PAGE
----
New Observation and Control Issues Motivated by Epidemiology

Automatic control is very little used in epidemiology, whereas central questions of estimation, prediction and supervision naturally arise in this domain in terms of input-output systems. These questions are made difficult by the non-linearity of the models. The NOCIME project aims at studying new problems related to identification, observation and optimal control, posed by mathematical epidemiology. The most critical issues that will be examined relate to estimating the short- and long-term dynamics of a novel pathogen after its detection; and the control of the epidemic by minimizing “crisis” situations. Several types of compartmental models from the literature (based on ODE systems) will be considered: models with direct or vector transmission, intra-hosts and/or groups, with acquired or temporary immunity. The consortium has identified two major challenges to be conducted, which will be considered for a general class of models:

  1. State and parameter estimation for non-globally identifiable/observable dynamics. Typically, at the onset of an epidemic, the state of the system is still close to disease-free equilibria, which are points of non-identifiability and non-observability. This renders the conventional estimators and observers inefficient. This type of situation has been studied very little in the literature. We will first analyze identification and observability according to various possible measurements, including incidence, number of reinfections and seroprevalence. For the design and tuning of estimators/observers, we will study several approaches: local (nonlinear) transformation and approximation; integral observers extending those obtained for “batch” processes; and interval observers.
  1. Optimal control for unconventional criteria. The classical theory considers integral and/or terminal costs. However, minimizing the epidemic peak or the prevalence duration above a certain threshold (related to hospital capacity) turn out to be more relevant criteria. However, they cannot be expressed under classic form, or present a lack of regularity. These difficulties have recently been tackled by different approaches: approximation techniques leading to numerical procedures; and equivalent reformulations in higher dimension. We will apply and generalize these results to a class of problems rich enough to include epidemiological models. We will focus on the synthesis of optimal or sub-optimal state feedbacks with guaranteed value, by combining analytical and numerical approaches. Observers coupled with these control laws will also be tested.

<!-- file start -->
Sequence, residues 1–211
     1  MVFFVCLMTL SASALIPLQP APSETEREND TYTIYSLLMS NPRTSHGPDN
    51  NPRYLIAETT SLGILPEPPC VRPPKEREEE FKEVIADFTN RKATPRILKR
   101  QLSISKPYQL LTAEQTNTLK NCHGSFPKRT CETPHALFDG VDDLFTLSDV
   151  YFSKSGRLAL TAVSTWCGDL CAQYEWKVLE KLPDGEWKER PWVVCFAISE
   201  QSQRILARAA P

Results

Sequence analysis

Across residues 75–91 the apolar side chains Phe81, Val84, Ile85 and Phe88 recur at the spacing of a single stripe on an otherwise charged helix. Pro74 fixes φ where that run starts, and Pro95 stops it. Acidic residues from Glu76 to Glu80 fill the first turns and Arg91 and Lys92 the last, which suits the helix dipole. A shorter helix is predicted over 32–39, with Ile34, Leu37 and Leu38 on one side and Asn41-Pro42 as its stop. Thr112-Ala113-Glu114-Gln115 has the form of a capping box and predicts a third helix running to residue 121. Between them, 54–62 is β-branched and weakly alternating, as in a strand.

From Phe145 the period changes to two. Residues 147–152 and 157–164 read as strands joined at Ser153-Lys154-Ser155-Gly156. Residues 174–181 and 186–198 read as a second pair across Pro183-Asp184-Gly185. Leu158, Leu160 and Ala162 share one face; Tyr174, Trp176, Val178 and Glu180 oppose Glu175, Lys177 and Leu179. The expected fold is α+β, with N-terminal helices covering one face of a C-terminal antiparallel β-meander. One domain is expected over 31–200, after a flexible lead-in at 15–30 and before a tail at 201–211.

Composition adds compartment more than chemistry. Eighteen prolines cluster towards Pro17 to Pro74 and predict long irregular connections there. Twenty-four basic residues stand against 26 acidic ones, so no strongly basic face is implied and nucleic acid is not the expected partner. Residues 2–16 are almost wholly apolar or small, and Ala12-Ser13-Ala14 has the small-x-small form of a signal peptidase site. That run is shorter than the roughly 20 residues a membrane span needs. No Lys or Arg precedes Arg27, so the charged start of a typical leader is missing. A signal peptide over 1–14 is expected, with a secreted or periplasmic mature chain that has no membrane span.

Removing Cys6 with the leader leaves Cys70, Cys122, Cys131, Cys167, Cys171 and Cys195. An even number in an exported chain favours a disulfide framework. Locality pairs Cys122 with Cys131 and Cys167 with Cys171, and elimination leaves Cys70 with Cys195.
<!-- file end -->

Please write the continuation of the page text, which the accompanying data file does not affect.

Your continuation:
An originality of the project is to consider random models of population and measurement noise, and their deterministic approximations, for which observers will be established. The performances of the observers (and of the control laws) will then be tested in a more realistic framework of noisy data.

The consortium brings together researchers familiar with automatic control, optimal control and epidemiological models. All of them contributed on at least one of the three themes considered, and carried out together several collaborations around mathematical epidemiology.

The funding requested mainly corresponds to the recruitment of two post-docs dealing with the two challenges above, missions and the organization of an international workshop, organized with the aim of popularizing the tools of Automation in Epidemiology.